Book Review: Stephan Grigat on Zionism, the Israeli Left, and Iran

Die Einsamkeit Israels: Zionismus, die israelische Linke und die iranische Bedrohung (Israel’s Solitude: Zionism, the Israeli Left, and the Iranian Threat), by the German political scientist Stephan Grigat, is an important contribution to the overall debate on the Middle East, and it was published just in time, given the background of the Lausanne negotiations with Iran. Grigat dispels the current euphoria about the “breakthrough in Lausanne” and illuminates the many existing darker sides of the Lausanne deal. The present reviewer is of the opinion that, particularly in view of the special historical responsibility of Continental Europe, a careful reconsideration of the realities created in Lausanne and the considerable role played by the EU foreign policy machinery is necessary and that the other side in the conflict—the side of Israel—is also being heard.

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Joel Kotkin and the Embattled Middle Class

In a recent issue of First Things, Naomi Schaefer Riley reviewed Joel Kotkin’s The New Class Conflict:

Ever since the 2000 election, we have talked about an America divided between red and blue. But in his new book, Joel Kotkin argues that we are experiencing more than a geographical divide. For the first time since its founding, he suggests, America is experiencing a potentially devastating class conflict—the kind of division between the elites and the rest of America that could all but break the country’s middle-class backbone.

It is striking that Kotkin, a regular contributor to the Wall Street Journal‘s editorial pages, is making this claim. For years, the left has argued that class warfare is a fact of life in America, even encouraging class resentment to achieve its political aims.

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Call for Papers: The 2016 Telos Conference in New York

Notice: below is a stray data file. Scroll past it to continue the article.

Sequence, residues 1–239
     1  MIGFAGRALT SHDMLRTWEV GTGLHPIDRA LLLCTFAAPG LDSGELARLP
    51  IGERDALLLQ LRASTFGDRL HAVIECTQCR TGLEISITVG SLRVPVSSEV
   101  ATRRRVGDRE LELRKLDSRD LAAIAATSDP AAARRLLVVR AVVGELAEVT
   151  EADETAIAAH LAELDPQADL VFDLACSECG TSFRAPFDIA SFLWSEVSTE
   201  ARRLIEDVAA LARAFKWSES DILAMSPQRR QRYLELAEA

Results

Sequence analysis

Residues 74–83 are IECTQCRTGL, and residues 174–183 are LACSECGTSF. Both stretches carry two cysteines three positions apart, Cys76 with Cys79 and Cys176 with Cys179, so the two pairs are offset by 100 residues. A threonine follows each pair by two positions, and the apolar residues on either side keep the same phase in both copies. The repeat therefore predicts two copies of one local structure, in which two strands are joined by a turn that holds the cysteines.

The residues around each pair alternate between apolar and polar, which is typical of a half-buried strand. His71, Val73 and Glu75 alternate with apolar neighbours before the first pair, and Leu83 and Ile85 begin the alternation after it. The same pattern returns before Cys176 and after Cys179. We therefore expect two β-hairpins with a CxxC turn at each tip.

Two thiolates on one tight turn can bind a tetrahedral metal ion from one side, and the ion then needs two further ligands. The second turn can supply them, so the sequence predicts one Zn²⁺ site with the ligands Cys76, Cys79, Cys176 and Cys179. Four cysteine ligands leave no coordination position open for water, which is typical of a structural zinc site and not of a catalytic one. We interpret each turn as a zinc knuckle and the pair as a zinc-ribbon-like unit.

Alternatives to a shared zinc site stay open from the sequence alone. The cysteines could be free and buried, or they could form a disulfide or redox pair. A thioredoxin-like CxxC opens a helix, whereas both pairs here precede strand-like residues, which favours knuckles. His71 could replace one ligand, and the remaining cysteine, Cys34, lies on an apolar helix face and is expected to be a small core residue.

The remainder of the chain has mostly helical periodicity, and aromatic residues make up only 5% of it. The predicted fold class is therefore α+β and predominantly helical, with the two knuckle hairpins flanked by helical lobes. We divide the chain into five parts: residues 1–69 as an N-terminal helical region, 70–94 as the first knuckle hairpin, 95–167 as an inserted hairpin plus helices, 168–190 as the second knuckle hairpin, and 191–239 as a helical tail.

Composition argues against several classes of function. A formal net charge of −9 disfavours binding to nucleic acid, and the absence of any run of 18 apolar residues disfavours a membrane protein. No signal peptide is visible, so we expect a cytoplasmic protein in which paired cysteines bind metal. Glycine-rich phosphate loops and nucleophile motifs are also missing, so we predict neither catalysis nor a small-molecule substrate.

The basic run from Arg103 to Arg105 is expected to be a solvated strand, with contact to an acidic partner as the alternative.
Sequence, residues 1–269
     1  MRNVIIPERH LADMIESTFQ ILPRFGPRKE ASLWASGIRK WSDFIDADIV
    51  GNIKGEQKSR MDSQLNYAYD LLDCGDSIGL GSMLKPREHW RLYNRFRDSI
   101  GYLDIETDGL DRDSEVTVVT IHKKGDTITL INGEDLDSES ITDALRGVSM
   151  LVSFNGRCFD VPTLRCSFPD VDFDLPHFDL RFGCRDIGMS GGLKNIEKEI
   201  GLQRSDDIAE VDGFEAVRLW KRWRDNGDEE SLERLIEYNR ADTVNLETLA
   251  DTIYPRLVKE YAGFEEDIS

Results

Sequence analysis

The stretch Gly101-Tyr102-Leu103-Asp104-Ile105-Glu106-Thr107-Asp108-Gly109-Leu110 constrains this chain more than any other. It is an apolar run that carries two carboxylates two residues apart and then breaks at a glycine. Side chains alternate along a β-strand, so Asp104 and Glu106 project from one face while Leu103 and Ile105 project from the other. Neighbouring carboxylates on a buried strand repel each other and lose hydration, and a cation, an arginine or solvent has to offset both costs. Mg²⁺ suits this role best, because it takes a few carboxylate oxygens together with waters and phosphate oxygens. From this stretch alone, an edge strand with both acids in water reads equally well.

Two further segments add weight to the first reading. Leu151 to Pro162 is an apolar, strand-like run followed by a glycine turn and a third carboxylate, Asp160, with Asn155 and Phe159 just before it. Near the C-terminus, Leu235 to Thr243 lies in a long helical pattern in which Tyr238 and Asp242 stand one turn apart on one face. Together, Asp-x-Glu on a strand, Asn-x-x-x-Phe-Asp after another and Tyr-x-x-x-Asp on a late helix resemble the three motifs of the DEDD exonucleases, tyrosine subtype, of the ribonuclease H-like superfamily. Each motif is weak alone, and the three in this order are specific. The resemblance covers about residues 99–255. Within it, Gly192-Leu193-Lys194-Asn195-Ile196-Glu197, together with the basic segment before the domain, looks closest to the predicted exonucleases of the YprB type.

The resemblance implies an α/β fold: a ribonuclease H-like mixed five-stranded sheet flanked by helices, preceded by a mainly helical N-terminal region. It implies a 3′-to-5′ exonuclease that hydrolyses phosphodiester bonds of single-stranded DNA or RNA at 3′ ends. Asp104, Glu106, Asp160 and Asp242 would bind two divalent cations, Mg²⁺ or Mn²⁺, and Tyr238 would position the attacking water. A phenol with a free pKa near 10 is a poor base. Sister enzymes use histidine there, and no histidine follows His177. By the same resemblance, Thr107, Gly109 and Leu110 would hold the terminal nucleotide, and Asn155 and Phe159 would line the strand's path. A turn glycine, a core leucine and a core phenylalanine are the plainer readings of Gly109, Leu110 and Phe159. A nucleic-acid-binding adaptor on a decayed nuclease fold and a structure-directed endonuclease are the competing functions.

Beyond Nostalgia:
Ethics, Politics, and the Critique of Modernity

January 15–16, 2016
New York, NY

On January 15–16, 2016, the Telos-Paul Piccone Institute will hold its annual conference in New York City. The theme of the conference will be “Beyond Nostalgia: Ethics, Politics, and the Critique of Modernity.” If you wish to participate in the conference, please send an abstract (no more than 250 words) and short c.v. to telosnyc@telosinstitute.net by August 15, 2015, and place “The 2016 Telos Conference” in the email’s subject line.

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Jeffrey Herf on Günter Grass and Matthias Küntzel: Two Views of Iran

Writing at the Times of Israel website, Jeffrey Herf discusses what Günter Grass refused to see about Iran—and why Matthias Küntzel, in his new book Germany and Iran, gets it right.

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The Failure of the Body Politic

In her exploration of Wittgenstein’s elusive and scattered commentary on community, Chantal Bax notes the absence of an explicit understanding of community in the philosopher’s work. Though Wittgenstein often invokes communal concepts, he rarely provides any details regarding the exact nature of a proper community, or the maintenance and governance a just society requires. Bax highlights the one place where Wittgenstein succumbs to the “unfortunate metaphor” of the body politic: he suggests the Jews, marginalized by European society, resemble a “‘kind of disease, anomaly,'” a “‘swelling'” which can “‘only be considered to be a proper part of the body when the whole feeling for the body is changed'” (105). Bax reads this as a tragic and empathetic lament: Wittgenstein doubts the possibility of a renewed, welcoming society that nonetheless adheres to this same vocabulary of the political body. And it is this prophetic doubt that intensifies the crisis of community that reiterates the necessity of Wittgenstein’s rethinking of life together.

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Joel Kotkin: California Is So Over

Writing at the Daily Beast, Joel Kotkin examines how the drought in California reflects the broader social and economic transformation of the state—and why current political policies that inhibit growth are to blame. Kotkin is the author The New Class Conflict, published by Telos Press Publishing and available for purchase in our store.

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